While the removal of a hazard is the safest way to reduce the risk, this is not always possible. At a minimum, we suggest that a procedure include the potential hazards and the mitigation steps required to ensure safe operation.
But even at this stage, personal safety is important because hazard identification and risk mitigation are often the responsibility of the employee(s) doing the work.
Identify Critical Steps
Whether or not you have a procedure for the work you are about to do, you should be able to identify critical steps in the process. There are any number of critical steps that either cannot be undone or could result in serious injury if not done properly. These include lockout/tagout (LOTO) prior to starting the work, sealing a piece of equipment before using it and testing the equipment after a repair. These critical steps should prompt a stop in your work. Some companies like to call a “time out for safety” (TOFO).
This Human Performance tool can be used at any time, but it is especially useful when an employee is working alone. Taking the time to stop and think about personal safety could be all you need to identify a potential hazard that could cause an incident. If you’re working alone, you won’t have the ability to receive help from a fellow employee by using a peer check or a second check.
One of the most important tools someone can use to improve his or her personal safety is a questioning attitude. Being aware of your surroundings, identifying hazards hidden in a procedure or just thinking about a better way to do something are all part of having a questioning attitude.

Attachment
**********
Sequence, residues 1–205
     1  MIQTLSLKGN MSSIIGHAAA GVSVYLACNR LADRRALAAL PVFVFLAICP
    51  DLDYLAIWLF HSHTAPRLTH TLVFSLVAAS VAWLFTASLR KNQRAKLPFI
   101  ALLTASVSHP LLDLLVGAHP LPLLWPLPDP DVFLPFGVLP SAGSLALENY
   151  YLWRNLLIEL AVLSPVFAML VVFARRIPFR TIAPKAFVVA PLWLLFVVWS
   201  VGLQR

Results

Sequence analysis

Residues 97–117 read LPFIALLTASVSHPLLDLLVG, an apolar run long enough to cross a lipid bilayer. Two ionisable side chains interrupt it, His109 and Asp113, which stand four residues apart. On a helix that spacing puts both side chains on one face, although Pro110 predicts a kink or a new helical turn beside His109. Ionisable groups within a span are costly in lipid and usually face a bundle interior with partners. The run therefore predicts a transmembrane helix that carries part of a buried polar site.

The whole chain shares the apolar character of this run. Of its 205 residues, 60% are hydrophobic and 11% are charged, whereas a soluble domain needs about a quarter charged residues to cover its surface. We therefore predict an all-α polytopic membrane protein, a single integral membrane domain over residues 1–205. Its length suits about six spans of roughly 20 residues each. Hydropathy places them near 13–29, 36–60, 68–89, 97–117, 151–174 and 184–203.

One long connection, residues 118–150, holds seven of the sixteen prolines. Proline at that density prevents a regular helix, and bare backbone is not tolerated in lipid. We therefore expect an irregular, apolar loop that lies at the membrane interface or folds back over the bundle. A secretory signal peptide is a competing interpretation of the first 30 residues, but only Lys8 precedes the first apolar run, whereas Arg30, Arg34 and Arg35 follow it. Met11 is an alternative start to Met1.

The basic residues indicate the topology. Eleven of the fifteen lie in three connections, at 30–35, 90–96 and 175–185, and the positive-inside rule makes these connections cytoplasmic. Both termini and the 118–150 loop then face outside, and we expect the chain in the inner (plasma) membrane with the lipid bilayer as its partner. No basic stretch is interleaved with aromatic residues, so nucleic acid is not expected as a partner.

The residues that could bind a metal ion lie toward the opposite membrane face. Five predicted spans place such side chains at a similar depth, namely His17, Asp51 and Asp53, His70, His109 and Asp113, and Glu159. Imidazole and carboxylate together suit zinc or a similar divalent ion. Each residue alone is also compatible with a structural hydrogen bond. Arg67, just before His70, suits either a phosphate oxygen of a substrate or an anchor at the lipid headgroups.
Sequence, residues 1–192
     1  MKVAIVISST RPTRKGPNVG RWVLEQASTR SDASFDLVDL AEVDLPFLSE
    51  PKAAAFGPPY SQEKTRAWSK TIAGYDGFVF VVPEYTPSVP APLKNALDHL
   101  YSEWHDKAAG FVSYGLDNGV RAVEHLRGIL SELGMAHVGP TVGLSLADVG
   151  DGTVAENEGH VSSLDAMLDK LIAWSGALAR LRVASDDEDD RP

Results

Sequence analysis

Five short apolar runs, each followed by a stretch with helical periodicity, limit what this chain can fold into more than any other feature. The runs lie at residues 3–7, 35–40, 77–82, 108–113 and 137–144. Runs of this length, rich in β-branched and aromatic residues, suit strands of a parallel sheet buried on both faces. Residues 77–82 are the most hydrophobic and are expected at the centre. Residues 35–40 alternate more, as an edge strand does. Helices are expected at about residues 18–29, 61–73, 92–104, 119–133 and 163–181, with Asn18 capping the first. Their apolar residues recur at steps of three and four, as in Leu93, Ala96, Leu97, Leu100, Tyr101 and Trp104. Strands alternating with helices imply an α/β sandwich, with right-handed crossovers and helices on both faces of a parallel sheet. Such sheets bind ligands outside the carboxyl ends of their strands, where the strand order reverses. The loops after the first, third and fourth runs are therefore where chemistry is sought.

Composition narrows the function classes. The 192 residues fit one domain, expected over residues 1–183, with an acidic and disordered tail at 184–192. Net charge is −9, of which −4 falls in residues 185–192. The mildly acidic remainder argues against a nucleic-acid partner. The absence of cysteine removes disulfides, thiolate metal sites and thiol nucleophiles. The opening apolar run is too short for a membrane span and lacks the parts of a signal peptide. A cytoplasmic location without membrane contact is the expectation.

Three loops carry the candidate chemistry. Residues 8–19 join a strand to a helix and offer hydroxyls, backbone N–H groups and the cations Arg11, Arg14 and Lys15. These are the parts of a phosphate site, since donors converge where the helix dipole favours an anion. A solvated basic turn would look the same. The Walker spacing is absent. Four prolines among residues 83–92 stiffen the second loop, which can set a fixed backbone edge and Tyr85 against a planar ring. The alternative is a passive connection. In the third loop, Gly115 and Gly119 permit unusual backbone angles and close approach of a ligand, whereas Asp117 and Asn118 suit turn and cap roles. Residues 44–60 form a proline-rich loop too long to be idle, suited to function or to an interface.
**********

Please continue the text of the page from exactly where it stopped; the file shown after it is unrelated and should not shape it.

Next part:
While you shouldn’t necessarily argue with every decision your supervisor makes, you need to understand the work you’re about to do and think about the worst possible outcome if something were to go wrong.
Poor communication is one of the easiest traps to tall into that could lead to an incident. For personal safety, it is important that you understand your work instructions and ensure that you are understood when giving instructions.
Three-part (or closed-loop) communication is the easiest way to be sure what you or someone else heard is actually what was said. It’s an important part of effective communication.
Post-Job Review and Process Improvement
The post-job review and process improvement concepts have more to do with process safety, but they definitely straddle the line between personal safety and process safety.
To ensure you or someone else doing the same job don’t make mistakes in the future, you should be sure you understand your success or failure during a job and document lessons learned.
On-the-job safety is the responsibility of every employee working on every job. While process safety is management’s commitment to their employees, personal safety is a commitment you make to yourself and your family. No shortcut is worth risking your own safety. And no process, procedure or safety mechanism is 100% fool-proof.
Keep your head squarely on your shoulders, use the tools you have at hand and go home safe every day.
Toolbox Talks offers quick insights and thoughts to use for your toolbox (tailboard) talks. Dave Sowers is a founding member of Knowledge Vine, a veteran-owned human performance training and consulting organization that strives to reduce the frequency and severity of human errors in the workplace. He has almost 30 years of experience in power generation and the utility industry. He is a veteran of U.S. Navy Nuclear Power Program and holds a bachelor’s degree in resources management and a master’s degree in both management and emergency management and homeland security.